**Syntax**

**=VLOOKUP(TEXJOIN (delimiter, ignore_empty, text1, [text2],..),table_array,row_index_number,[range_lookup])**

**Formula**

**=VLOOKUP(TEXTJOIN(" ", TRUE, B10, B11), A1:D8, 4, FALSE)**

**Formula Breakdown**

This is an Excel function that utilizes the **VLOOKUP** to search for a specific value within a designated range **(A1:D8)**.

- It first uses the
**TEXTJOIN**function to concatenate the values in cells**B10**and**B11**, separated by a space, effectively creating a single search key. - The
**“4”**in the formula indicates that it should return the value from the fourth column (column**D**) of the range**A1:D8**when a match is found. The**“FALSE”**argument signifies that it should return an exact match.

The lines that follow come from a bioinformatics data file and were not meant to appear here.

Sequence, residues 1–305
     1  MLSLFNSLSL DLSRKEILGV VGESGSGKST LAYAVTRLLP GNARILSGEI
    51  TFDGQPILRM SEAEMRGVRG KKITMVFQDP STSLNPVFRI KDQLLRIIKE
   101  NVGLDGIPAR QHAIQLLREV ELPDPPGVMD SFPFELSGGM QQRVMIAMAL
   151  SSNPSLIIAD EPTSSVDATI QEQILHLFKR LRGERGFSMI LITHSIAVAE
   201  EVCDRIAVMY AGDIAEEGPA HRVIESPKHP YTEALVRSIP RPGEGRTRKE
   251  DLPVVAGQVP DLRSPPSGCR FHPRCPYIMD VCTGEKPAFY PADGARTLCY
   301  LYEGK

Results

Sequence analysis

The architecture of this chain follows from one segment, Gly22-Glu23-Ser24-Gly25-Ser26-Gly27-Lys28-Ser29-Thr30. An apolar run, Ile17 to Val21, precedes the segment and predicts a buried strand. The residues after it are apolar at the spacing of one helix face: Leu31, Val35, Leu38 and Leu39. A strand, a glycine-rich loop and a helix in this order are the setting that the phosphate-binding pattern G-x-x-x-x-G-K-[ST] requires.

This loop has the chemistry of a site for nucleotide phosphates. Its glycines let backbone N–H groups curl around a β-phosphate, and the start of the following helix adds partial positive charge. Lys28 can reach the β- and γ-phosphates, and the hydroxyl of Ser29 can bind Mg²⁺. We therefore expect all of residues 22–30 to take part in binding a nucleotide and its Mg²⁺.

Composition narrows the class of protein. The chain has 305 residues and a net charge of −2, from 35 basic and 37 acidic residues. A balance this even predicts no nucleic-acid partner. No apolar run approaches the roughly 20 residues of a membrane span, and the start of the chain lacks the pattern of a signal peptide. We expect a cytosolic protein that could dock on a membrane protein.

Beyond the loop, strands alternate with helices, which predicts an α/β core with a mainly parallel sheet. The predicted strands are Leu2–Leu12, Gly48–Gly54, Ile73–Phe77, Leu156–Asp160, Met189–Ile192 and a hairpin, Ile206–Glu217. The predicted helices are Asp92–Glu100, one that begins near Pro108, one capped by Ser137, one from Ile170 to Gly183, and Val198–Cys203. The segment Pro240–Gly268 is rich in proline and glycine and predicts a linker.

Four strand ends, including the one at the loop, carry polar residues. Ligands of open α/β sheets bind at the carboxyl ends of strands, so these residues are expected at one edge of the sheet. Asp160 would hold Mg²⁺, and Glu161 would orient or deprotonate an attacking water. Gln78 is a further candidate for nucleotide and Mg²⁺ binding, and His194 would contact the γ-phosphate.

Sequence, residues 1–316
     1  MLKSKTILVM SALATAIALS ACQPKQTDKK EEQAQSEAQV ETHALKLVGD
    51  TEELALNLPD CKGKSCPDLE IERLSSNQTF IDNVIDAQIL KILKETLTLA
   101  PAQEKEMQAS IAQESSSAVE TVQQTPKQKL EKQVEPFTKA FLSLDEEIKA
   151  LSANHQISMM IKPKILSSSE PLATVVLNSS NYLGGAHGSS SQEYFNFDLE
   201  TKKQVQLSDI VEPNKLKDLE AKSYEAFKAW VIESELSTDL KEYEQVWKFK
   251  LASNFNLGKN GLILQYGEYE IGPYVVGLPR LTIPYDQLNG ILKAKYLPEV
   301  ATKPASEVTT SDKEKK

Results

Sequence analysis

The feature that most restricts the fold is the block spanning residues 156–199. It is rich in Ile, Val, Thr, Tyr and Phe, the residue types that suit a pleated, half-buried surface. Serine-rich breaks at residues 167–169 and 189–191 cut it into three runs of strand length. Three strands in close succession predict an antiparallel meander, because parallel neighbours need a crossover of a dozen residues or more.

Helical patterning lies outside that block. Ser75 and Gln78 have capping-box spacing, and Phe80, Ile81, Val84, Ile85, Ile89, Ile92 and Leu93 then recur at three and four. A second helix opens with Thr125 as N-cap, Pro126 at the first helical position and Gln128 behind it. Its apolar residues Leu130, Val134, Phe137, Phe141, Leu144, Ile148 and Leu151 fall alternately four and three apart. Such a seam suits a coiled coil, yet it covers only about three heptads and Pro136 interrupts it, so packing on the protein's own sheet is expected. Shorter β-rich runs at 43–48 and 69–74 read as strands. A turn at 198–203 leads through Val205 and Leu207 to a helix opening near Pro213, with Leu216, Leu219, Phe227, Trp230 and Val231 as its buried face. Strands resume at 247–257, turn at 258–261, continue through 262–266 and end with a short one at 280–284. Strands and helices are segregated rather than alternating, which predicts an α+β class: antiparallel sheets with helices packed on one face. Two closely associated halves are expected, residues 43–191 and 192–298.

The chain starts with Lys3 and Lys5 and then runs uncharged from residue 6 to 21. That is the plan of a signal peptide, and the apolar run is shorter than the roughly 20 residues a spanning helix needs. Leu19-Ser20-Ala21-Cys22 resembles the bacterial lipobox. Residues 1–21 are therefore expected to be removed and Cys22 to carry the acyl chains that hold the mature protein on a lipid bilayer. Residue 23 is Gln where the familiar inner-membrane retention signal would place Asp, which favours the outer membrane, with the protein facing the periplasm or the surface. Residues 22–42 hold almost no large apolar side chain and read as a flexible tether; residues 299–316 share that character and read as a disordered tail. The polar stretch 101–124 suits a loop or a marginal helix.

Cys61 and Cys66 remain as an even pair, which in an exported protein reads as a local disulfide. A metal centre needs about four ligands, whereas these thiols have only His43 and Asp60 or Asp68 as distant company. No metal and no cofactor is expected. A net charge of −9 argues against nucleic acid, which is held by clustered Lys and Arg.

In summary, this formula searches for the combined value of **B10** and **B11**, separated by a space, within the first column of the range **A1:D8** and retrieves the corresponding value from column** D** when it identifies a match.

Combine **TEXTJOIN** and **VLOOKUP** functions to get a single value from multiple columns. Here’s how you can do it:

- Pick cell
**A1.** - Type this formula:
**=TEXTJOIN(” “, TRUE, B2, C2)** - Press the
**ENTER**button. - Drag the Fill Handle from cell
**B2**to**B8**. - After that, select a cell
**B12**. - Write this formula:
**=VLOOKUP(TEXTJOIN(” “, TRUE, B10, B11), A1:D8, 4, FALSE)** - Press the
**ENTER**button.

**Final result**

Finally, when we search for **“Huawei”** in column** B** and **“Mate 30”** in column **C,** the **TEXTJOIN** function first combines **“Huawei”** and **“Mate 30”** with a space between them. Next, it looks for this combined value in the** A1:D8** range to find the price of the **Huawei Mate 30**.